Saturday, February 20, 2021

Movie Reviews: Greenland

directed by Ric Roman Waugh
This is a disaster movie. But it's not just a disaster movie. It's a possible world ending, extinction level event disaster movie. With these sorts of films there are usually two choice the writer(s) and/or director can make. One choice usually involves some square jawed hero solemnly intoning we will not go gently into the night. Along with his ragtag group of scientists, rogues, military and a dog, the protagonist desperately attempts to avert the Apocalypse by any means necessary while also trying to reconnect with his estranged wife or child. 
The other choice takes it for granted that there is nothing that can be done. The film then has the protagonist spend the entire film's running time talking to his loved ones and examining the mistakes he or they have made with each other before the inevitable happens. In either film there are usually a number of impressive effects that show the impending doom's progression. Maybe the asteroid gets closer and smaller pieces of it hit places across the world. Maybe the ozone barrier is pierced. Each day the earth's temperature climbs or drops but gets nearer to a point where humans can't survive. And so on. 
Greenland is a hybrid of these two types of films. Somewhat surprisingly, perhaps because of the relatively low budget, it doesn't have a lot of iconic disaster scenes. It concentrates much more on the struggle to survive--even if survival may literally just mean one more day.
John Garrity (Gerard Butler-not bothering to disguise his Scottish accent) is an Atlanta area structural engineer/architect. John has a young son Nathan (Roger Dale Floyd) and an attractive but estranged wife Allison (Morena Baccarin). 
It appears that although John swore to marry and settle down, he's been doing a little bit of running around. Allison wasn't born yesterday; she's banished John from her bed and their house. But Allison hasn't filed for divorce yet. She recognizes that whatever else John is he's a great father and quite conscientious about doing things the right way (aside from that sex thingie). The comet named Clarke will pass very close to Earth.
John leaves work early to go back to his former home to watch the comet with his family and friends. While he's picking up some snacks and goodies at the grocery store John gets a text on his phone informing him that he, Allison and Nathan have been selected for emergency sheltering. Wondering what this means John returns home to watch the show.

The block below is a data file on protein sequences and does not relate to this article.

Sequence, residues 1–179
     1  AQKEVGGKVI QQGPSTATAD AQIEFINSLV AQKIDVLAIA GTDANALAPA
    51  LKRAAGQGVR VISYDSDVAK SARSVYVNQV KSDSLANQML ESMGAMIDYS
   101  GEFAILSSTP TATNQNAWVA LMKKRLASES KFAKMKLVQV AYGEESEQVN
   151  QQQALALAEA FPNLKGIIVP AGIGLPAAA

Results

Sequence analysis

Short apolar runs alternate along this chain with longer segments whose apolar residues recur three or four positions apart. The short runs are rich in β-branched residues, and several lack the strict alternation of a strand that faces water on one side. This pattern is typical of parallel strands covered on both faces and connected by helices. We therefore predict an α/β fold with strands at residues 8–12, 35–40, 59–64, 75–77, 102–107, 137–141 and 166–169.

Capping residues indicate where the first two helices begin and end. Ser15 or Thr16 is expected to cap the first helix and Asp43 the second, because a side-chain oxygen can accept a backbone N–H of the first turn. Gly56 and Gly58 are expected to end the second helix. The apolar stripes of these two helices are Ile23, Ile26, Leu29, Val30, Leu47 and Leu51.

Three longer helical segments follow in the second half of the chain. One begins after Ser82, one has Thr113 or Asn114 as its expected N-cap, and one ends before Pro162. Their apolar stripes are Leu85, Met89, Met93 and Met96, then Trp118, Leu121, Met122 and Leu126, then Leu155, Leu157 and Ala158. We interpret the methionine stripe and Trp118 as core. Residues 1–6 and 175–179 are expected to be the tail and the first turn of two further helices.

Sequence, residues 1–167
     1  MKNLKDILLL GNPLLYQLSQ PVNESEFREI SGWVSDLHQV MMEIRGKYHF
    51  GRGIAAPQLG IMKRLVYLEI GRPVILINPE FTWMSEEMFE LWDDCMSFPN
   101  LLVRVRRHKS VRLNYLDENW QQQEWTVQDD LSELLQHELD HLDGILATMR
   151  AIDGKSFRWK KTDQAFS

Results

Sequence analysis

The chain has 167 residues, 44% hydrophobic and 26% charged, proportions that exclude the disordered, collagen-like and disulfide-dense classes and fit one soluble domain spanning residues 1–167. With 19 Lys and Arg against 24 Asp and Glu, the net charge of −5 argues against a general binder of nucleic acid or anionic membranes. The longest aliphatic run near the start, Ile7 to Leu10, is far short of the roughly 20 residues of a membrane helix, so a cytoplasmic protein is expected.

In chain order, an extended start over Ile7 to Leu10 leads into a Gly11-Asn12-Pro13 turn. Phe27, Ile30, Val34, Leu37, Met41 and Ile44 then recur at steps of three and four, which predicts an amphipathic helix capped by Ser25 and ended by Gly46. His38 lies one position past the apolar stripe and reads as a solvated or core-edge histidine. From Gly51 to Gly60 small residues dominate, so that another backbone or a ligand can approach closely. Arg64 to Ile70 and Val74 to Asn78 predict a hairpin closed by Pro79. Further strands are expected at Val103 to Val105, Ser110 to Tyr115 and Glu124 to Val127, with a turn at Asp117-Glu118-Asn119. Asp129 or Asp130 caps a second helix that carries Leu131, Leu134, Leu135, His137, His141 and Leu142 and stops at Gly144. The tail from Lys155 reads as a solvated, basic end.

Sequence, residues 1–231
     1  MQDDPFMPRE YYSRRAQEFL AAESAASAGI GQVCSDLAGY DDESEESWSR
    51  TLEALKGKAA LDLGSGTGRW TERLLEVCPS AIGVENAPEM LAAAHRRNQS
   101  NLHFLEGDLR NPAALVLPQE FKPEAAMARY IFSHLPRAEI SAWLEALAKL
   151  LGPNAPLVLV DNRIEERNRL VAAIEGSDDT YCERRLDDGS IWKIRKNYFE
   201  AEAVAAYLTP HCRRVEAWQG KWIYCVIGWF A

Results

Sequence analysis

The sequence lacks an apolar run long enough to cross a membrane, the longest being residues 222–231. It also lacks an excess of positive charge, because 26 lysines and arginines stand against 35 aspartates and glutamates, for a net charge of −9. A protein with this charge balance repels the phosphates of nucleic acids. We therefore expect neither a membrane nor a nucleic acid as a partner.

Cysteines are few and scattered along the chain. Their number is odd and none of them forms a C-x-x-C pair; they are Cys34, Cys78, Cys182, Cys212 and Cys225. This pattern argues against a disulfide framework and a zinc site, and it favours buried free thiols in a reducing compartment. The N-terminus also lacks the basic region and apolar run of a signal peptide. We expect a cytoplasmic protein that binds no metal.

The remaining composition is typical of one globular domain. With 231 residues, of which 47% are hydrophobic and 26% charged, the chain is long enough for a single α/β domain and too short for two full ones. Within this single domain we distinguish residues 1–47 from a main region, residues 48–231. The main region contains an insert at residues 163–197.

However the news now reports that at least part of the comet will not be passing close by Earth but smack dab into it. A small portion of the comet will hit Tampa, Florida. And boom, just like that there is no more Tampa! The shockwaves can be felt in the Atlanta Metro area, along with the heat. It looks like the physicists and astronomers made a slight mistake. Oops.
Portions of Clarke will continue to bombard the Earth but in about two days or so, an immense Clarke fragment will hit somewhere in Europe. It's larger than the asteroid which put an end to the dinosaurs. This event means superheated atmosphere and fires worldwide, oxygen depletion, ejection of material into the atmosphere, tidal waves, earth quakes, radiation, destruction of fauna and flora, and possible blocking of the Sun. In other words, goodbye humanity, you had a good run. It's The End.
While everyone is trying to process this information, John gets another phone message. This one shows up on the smart TV, letting his neighbors see it. 
John is ordered to pack up and get himself, Allison and Nathan to a local Air Force base for evacuation. NOW. Someone has been building underground bases. As you might imagine the neighbors are not happy that John and his family have been selected over them. 
But John can't worry about that. He must save his wife and son no matter what. The film's balance details John and Allison's attempts to find safety. Greenland looks at what normal people do when their survival is at stake. If you knew there was a 99.99999999% chance that you would be dead two days from now would you make your peace with God, your conscience, and your loved ones, or would you keep fighting for that last bit of life, no matter how short?
John and Allison are not superhuman. I liked that neither parent was perfect. Both made mistakes. But John and Allison do each have a fierce love for their son and for, as they discover, each other. The special effects are fewer than I expected for this kind of story. All in all, a decent film, but one that would have been better served with better effects, larger budget, and one or two more "name" stars. 
But YMMV. I am just used to movies of this type that go heavy on effects. This film was far more concerned with relationships--husband: wife, parents: child, father-in-law: son-in-law and how we all will face our inevitable end.
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